69-year-old Janusz Waluś, a Polish immigrant and activist of the Afrikaner Resistance Movement seeking to maintain the racial segregation system, has been released on parole from a South African prison. He spent 28 years there for killing Chris Hani, a communist anti-apartheid activist, almost 30 years ago.
The Pole was originally due to leave prison last week, but was stabbed by a fellow inmate and was under medical care.
“The offender Walus was presented with the conditions of parole. If he breaks them, he will return to prison” – the Ministry of Justice reported South Africaquoted by the AP agency.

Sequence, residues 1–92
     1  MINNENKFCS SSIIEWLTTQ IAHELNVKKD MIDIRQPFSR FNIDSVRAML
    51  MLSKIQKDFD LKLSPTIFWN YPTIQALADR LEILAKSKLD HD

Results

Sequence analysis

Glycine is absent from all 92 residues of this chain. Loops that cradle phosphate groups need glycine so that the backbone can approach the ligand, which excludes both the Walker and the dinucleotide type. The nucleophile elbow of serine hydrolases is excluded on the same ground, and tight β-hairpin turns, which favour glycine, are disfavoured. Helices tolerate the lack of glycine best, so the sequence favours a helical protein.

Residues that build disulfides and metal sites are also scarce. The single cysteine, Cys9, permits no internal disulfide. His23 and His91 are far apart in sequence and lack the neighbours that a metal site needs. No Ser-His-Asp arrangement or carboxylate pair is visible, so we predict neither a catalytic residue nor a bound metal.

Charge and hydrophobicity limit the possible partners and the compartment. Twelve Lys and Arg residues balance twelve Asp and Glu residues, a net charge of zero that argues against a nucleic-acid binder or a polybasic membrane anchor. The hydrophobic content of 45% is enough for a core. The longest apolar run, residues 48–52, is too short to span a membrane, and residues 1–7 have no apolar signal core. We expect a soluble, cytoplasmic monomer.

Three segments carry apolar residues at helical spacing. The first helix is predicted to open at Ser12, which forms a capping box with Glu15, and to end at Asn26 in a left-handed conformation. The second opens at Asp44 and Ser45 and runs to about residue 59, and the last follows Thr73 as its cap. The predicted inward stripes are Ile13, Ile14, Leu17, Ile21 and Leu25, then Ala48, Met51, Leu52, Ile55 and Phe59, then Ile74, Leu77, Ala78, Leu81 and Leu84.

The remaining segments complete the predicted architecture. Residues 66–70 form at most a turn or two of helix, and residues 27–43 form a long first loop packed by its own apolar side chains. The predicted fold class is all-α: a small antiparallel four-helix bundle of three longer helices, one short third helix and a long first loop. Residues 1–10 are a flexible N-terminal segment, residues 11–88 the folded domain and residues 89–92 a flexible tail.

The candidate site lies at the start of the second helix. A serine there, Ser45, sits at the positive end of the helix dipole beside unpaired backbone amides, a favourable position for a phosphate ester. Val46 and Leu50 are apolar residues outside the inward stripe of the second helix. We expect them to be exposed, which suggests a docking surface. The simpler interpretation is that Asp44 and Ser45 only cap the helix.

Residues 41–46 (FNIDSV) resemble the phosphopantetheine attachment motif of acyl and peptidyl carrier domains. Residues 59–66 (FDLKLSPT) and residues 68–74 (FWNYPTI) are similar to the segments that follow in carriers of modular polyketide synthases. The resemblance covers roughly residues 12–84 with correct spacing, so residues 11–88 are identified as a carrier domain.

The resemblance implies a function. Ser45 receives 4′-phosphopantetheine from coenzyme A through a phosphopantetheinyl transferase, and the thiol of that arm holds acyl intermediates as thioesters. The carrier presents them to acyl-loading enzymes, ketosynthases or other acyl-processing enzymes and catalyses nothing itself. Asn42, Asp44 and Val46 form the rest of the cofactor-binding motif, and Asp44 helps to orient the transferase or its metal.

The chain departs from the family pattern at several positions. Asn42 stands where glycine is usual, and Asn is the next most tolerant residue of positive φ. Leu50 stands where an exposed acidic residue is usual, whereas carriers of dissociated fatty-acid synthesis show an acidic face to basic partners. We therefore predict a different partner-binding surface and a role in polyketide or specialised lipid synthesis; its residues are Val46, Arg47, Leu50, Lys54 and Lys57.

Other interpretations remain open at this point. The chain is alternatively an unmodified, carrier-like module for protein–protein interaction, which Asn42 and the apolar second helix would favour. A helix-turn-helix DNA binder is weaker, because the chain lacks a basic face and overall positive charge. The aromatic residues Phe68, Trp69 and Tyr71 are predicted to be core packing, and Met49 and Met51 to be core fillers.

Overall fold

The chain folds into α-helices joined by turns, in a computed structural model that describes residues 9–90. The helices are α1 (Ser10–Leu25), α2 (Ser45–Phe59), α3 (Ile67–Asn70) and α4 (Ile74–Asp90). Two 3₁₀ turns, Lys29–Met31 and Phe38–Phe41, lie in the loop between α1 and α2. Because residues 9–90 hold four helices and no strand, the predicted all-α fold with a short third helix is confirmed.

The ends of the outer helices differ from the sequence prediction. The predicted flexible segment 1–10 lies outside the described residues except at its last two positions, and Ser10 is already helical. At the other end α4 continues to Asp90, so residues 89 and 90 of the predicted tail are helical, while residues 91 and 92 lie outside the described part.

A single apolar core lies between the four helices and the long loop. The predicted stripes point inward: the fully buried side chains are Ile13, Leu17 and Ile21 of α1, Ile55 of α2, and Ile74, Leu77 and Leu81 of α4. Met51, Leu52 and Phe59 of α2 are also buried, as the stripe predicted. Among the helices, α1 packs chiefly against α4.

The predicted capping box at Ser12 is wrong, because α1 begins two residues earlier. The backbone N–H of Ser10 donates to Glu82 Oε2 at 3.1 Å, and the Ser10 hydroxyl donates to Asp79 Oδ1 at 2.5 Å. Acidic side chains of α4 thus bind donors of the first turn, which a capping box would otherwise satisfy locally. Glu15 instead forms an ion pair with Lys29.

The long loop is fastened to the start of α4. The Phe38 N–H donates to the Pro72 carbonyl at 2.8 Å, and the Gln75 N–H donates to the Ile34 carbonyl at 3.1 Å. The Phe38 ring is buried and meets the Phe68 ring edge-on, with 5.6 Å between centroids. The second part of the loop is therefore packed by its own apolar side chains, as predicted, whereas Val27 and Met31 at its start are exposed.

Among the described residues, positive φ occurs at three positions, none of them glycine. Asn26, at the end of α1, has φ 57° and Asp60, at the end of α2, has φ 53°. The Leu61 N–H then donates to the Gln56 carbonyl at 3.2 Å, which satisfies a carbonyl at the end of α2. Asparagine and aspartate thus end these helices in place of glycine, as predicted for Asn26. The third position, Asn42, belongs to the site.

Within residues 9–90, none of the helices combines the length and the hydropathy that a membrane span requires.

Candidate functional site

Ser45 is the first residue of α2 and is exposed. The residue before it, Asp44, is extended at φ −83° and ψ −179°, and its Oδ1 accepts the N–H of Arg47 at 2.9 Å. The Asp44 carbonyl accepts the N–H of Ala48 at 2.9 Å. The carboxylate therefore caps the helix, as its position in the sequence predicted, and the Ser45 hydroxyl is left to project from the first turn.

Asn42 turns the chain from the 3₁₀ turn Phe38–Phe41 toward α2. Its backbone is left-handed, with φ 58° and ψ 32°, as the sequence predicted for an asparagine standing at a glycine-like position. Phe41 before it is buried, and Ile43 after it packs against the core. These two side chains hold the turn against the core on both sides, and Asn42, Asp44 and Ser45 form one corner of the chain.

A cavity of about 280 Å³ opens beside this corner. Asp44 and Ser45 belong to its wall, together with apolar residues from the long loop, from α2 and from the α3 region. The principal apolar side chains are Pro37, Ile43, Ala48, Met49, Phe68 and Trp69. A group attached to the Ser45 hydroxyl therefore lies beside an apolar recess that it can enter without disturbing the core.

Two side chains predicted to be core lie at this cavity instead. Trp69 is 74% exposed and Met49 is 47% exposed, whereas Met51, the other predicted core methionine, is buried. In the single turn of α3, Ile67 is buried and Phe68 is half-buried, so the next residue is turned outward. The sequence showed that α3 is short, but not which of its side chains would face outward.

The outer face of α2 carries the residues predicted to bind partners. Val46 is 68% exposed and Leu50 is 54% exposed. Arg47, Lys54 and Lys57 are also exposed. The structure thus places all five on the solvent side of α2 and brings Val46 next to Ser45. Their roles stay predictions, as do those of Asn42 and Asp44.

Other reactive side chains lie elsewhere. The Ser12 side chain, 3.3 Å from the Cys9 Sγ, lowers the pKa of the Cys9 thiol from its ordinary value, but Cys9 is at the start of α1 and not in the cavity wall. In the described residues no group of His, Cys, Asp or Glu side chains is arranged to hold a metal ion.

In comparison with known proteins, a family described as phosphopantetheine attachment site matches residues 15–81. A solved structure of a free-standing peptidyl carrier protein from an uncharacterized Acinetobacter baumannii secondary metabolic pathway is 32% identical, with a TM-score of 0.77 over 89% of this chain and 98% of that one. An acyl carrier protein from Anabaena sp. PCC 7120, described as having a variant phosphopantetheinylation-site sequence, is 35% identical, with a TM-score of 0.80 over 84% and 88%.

Death penalty commuted to life imprisonment
Waluś, now 69, a truck driver and activist of the Afrikaner Resistance Movement, who sought to maintain the racial segregation system, shot and killed Hani on April 10, 1993 in front of his home in Johannesburg. The perpetrator was initially sentenced to death, later commuted to life imprisonment.
In 2016, the court agreed to the early release of Waluś, but this decision was overturned a year later by the appeals court after an appeal by the Ministry of Justice.
In November this year, Judge Raymond Zondo, president of the Constitutional Court of South Africa, announced that Waluś had been ordered to be released on parole.
The decision to parole Waluś sparked outrage in South Africa. More than 1,000 people protested against his release from prison last week. Some South Africans say Waluś’s parole “reopened the deep wounds of racial inequality,” the Associated Press reported.
Main photo source: Reuters